a social media tale

chris   zuka is a racist i have blocked on social media.  i don't generally block people.  but this woman is just a nightmare.

after i blocked her, she got 1 of her friends to send me a private message and supposedly i don't like her because she's pretty.


1st, that wouldn't be an issue if she was gorgeous.  2nd, uh, pretty?  she's not even plain.  she's got bad adult acne.  she keeps posting photos of her when she was a teenager and had anorexia.  she's wearing a bikini and sporting ribs and thinks she was pretty then.

she was not.

and all of those years of her eating disorder?

she has veneers.  and she smiles and shows her gums.  and?  her gums are black from her eating disorder.

the veneers look fake especially on top of her fake gums.

i replied back to chris' friend, 'okay.'

but she really thinks she's beautiful.

and she seems to think that she can do or say anything as a result.

but she keeps making these comments that were troubling to me and racist.

and some 1 she works with - or worked with - latonya? - is stupid and dumb and the comments about this woman - who is african-american - were especially racist.

so i just blocked her.

and we've never met in real life - i live on nantucket and she lives somewhere in texas.  so  i did not think it would be the end of the world.

but apparently, it was.  after i sent 'okay' she had all these other people i.m.  some rude woman named stephany and she was whining about mean people - all i did was block her.  but this crazy woman named stephany is whining about how her mother betrayed her and dumped her off on her dad when she was a kid 'because she didn't love me because i had a huge scar on my face' and how this was worse than that.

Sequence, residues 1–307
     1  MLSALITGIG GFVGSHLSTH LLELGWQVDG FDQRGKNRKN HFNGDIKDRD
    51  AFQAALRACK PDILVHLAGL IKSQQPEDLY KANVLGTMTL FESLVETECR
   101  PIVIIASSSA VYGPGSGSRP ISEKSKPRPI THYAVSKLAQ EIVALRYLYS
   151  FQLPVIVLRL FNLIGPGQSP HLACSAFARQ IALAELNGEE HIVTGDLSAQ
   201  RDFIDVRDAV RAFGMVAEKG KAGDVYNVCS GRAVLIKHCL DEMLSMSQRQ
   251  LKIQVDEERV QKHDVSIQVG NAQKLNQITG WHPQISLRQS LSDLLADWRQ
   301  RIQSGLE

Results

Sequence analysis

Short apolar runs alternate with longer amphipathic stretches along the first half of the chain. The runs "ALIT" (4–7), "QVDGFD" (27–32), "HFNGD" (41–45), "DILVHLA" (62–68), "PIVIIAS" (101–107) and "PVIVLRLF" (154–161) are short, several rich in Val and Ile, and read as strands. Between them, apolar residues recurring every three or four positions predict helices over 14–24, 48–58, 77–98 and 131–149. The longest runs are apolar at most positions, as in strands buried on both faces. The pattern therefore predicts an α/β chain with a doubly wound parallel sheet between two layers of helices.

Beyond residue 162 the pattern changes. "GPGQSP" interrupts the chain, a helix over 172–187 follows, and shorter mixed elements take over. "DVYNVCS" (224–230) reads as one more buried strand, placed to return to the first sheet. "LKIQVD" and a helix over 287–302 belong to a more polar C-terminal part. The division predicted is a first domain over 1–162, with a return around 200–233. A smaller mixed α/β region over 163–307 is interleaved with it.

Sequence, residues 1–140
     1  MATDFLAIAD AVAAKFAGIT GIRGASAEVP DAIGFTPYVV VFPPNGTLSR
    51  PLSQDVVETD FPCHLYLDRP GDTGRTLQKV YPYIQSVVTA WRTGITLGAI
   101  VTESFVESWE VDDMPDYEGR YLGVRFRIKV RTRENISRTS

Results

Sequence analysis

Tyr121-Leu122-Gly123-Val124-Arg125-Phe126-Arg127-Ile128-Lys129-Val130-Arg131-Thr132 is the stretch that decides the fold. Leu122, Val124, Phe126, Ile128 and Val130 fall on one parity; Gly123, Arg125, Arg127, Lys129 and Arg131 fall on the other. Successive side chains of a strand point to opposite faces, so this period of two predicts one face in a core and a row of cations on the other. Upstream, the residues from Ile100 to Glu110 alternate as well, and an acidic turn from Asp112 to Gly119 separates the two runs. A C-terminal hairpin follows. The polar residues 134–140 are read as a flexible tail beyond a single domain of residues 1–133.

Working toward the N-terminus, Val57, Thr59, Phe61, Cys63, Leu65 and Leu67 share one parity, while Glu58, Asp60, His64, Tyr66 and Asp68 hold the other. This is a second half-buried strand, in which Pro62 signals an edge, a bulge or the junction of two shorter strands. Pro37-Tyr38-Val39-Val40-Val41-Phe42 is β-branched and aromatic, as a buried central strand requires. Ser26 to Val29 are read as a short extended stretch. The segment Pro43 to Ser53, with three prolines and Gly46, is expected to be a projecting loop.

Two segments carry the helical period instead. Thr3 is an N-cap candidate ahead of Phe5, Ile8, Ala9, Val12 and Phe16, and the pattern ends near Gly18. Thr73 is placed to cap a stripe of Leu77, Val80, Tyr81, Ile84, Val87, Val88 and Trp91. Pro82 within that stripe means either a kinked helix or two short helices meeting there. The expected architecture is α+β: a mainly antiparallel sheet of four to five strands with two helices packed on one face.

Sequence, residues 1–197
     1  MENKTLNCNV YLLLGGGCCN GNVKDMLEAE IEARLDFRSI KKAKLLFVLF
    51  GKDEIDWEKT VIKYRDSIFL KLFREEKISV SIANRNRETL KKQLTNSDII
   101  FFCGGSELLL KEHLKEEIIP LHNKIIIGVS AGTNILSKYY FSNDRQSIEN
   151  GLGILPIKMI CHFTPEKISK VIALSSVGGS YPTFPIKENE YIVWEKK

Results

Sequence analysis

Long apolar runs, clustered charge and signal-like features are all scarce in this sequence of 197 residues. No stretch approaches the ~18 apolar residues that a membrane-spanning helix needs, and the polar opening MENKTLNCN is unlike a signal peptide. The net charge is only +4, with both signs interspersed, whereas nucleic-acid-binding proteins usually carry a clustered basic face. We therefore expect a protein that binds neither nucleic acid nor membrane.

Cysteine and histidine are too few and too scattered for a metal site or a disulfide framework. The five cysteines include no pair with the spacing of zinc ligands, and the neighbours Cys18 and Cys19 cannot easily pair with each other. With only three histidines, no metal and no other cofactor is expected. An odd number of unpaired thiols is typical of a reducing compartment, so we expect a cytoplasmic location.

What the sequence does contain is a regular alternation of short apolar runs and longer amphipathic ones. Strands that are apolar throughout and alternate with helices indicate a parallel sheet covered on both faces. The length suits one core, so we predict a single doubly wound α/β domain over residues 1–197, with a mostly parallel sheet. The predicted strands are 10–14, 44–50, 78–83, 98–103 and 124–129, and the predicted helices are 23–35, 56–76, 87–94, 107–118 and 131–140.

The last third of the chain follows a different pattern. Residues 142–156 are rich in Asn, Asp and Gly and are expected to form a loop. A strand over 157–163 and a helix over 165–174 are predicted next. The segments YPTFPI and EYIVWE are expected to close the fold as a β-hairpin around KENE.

excuse me?

your own mother doesn't love you and dumps you and this is worse then my blocking chris?

drama queen.

really, how does my blocking chris equal worse than some mother dumping her disfigured child when the child was 7?

oh.  and stephany? chris had posted about her.  'i'm the blonde girl and stephany's the mexican.'

chris did this whole rant about how some woman at work objected to that which she had attached to a drawing of herself and stephany.

so, chris zuca gets blocked and dropped by me and it's a whole drama. 

in the old days of smail mail, if i'd have dropped her newsletter, it would have been so much simpler. i only friended her because she asked and was 'friends' with 2 other people i had as friends.

let's close with c.i.'s 'Iraq snapshot:'

Friday, July 20, 2018.  More protests today as the silence on Iraq largely continues.